The tomato is the edible, often red berry-type fruit of the nightshade Solanum lycopersicum, commonly known as a tomato plant. The tomato is consumed in diverse ways, including raw, as an ingredient in many dishes, sauces, salads, and drinks.
The tomato belongs to the nightshade family, Solanaceae. The species originated in the South American Andes and its use as a food originated in Mexico, and spread throughout the world following the Spanish colonization of the Americas. Its many varieties are now widely grown, sometimes in greenhouses in cooler climates. The plants typically grow to 1-3 meters (3-10 ft) in height and have a weak stem that often sprawls over the ground and vines over other plants. It is a perennial in its native habitat, although often grown outdoors in temperate climates as an annual. An average common tomato weighs approximately 100 grams (4 oz).
While tomatoes are botanically and scientifically the berry-type fruits of the tomato plant,] they can also be considered a culinary vegetable, causing some confusion.
HOW TO GROW
- Buy small tomato plants from a nearby nursery and transplant them to your garden for the first-time grower. More experienced growers will find it easy enough to start their own tomatoes from seed.
Begin to raise your own plants, if you wish, from seed, in a greenhouseor sunny window indoors about a month before you intend to set them out in the garden.
Use fluorescent lights or other lighting hanging a couple inches (5cm) above the planting flat and keep raising it as the plants grow–in a not well lighted room. Raise these plants until they are about 6 to 10 inches tall (15 to 25cm) and then transplant them when spring weather is appropriate for your zone.
- Don’t pay extra to buy the larger plants; there is not much reason, unless you are getting a “latish” start, to catch up.
- Choose a sunny spot to place the plants to transplant them. Place tomato plants in a site receiving full sun (7 hours or more daily). Tomatoes need lots of warm sunshine for optimum taste.
- Caveat: In hot climates when the nights get to a low temperature of about 75°F (24°C), then most tomatoes “quit setting new fruit”. The ones already set will grow great. But none will set when nights are very warm through the wee hours really near sunrise.
- Don’t wait more than a few days late to put them out past the recommended dates for your climate zone, or it may be too late (if there are such early warm/hot weather nights).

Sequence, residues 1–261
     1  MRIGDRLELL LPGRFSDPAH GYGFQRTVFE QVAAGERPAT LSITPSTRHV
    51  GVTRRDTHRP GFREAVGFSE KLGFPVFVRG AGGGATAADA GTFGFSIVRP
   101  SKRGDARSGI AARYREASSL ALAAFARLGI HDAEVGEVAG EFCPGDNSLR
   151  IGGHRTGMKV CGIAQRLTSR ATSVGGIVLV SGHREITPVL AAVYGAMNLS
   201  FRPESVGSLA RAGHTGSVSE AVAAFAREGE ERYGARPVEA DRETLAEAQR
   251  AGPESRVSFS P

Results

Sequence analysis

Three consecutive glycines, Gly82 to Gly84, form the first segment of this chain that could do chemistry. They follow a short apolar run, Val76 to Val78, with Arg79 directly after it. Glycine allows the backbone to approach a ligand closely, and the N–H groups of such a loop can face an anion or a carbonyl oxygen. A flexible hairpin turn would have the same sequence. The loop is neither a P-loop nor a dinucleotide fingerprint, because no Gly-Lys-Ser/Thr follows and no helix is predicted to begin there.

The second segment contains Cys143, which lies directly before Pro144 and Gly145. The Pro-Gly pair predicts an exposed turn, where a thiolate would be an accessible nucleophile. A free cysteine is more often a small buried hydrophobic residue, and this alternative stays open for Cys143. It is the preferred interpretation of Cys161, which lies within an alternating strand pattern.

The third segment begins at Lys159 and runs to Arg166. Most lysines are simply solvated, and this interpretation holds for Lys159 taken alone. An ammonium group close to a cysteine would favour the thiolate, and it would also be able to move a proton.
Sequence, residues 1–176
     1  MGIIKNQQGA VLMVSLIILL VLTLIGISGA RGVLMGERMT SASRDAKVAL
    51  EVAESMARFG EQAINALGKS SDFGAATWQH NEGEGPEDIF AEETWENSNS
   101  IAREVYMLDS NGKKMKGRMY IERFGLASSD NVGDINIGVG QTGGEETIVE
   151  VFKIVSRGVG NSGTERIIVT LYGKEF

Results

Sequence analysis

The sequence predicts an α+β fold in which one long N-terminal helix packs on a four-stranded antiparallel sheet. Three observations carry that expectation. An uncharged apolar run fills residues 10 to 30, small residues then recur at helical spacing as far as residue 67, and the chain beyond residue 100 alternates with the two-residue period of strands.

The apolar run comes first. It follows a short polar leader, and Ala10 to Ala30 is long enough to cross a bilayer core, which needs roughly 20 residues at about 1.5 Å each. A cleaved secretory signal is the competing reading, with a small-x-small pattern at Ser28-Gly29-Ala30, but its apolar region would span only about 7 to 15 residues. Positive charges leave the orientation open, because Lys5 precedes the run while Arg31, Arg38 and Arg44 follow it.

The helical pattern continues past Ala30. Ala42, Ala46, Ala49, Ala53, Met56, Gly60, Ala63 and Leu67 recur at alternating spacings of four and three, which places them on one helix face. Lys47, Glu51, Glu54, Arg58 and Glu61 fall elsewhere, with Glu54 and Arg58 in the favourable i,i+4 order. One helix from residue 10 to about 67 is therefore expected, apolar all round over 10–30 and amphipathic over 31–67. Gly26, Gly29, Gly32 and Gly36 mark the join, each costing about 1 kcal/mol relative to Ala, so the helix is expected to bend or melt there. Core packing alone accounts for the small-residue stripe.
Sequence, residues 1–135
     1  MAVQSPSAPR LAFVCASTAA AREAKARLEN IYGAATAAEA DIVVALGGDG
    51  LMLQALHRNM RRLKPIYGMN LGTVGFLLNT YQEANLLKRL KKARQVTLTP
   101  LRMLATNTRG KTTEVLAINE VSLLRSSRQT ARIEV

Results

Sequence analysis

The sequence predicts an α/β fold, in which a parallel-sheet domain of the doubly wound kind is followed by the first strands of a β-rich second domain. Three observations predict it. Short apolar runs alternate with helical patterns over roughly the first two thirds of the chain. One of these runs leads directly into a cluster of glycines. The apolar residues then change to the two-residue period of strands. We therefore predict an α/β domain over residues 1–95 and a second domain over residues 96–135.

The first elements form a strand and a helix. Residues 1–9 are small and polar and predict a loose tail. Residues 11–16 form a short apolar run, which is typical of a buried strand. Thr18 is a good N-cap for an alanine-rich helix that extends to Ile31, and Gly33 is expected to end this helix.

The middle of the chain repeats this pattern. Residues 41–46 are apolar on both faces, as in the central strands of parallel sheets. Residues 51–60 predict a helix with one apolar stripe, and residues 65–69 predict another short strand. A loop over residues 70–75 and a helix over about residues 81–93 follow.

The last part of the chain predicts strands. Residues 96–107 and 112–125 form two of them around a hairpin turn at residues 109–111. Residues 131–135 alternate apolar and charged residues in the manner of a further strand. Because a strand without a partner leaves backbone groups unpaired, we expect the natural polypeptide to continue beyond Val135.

- Prepare the garden bed by adding lots of well rotted–not green–compostto the soil.Turn compost into the top 3 inches (6 to 8 cm). Tomatoes demand a growing medium rich in organic matter. If you don’t make your own compost, use store-bought compost or composted manure.
Transplant the tomato deeply. Bury about 50 to 75% of the plant (especially for leggy plants, that became skinny in raising them before transplanting). It’s okay to bury some of its lower leaves. New roots will emerge along the buried stem, giving the plant a developmental boost; a new transplant needs to focus on root production.
Give each plant about 4 litres of warm water (about 80 degrees F/ 27 degrees C) within ten minutes of transplanting to avoid transplant shock.
Space tomato plants 18 to 36 inches (45 to 90 cm) apart; space them half the suggested distance in warmer climates, especially if using tomato cages.The normal distance recommended is for plants allowed to bush out hugely on the ground, while planting closer together in cages allows the plants to shade each others fruit, helping prevent burn and allowing a sweeter flavor.
- Don’t forget to leave yourself enough space to get in between the plants to water, weed, and harvest. Those cute, little seedlings may not remain that way for long.
- Water in the first 7 to 10 days after transplanting at about 500 ml of warm water per plant every day.
Wait a week or two after transplanting, and then place a mulch of straw or dried grass to control weeds and keep the soil moist during dry weather. The mulch should be about an inch (2.5 cm) thick and surround at least a circle 12 inches (about 30 cm) in diameter around the stem.
- Caution: Do ‘notkeep the soil continuously wet or “soggy”. That will kill (smother) the roots and will cause a stem disease (fungus) especially once it is really warm/or hot weather.
- Drip or soaker hose watering is better than overhead, which can encourage diseases that tomatoes are particularly prone to.
Space water out more after 10 days and ensure that plants are receiving 1 to 3 inches (2.5 cm to 7.6 cm) of rain weekly. If not, give each plant about 7.5 litres per plant “per week”, beginning by about the end of the second week after transplanting.
- Water deeply 2 to 3 times weekly (so, water each plant with about .75 to 1 gallon each time (about 3 to 4 litres), increase water as the plants get larger and when weather is hotter.